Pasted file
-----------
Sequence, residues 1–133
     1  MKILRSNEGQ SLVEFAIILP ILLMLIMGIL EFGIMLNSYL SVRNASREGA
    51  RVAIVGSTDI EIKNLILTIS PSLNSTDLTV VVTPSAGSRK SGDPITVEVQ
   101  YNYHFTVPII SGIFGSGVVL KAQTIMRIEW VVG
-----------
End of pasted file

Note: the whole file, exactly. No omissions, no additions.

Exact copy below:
Sequence, residues 1–133
     1  MKILRSNEGQ SLVEFAIILP ILLMLIMGIL EFGIMLNSYL SVRNASREGA
    51  RVAIVGSTDI EIKNLILTIS PSLNSTDLTV VVTPSAGSRK SGDPITVEVQ
   101  YNYHFTVPII SGIFGSGVVL KAQTIMRIEW VVG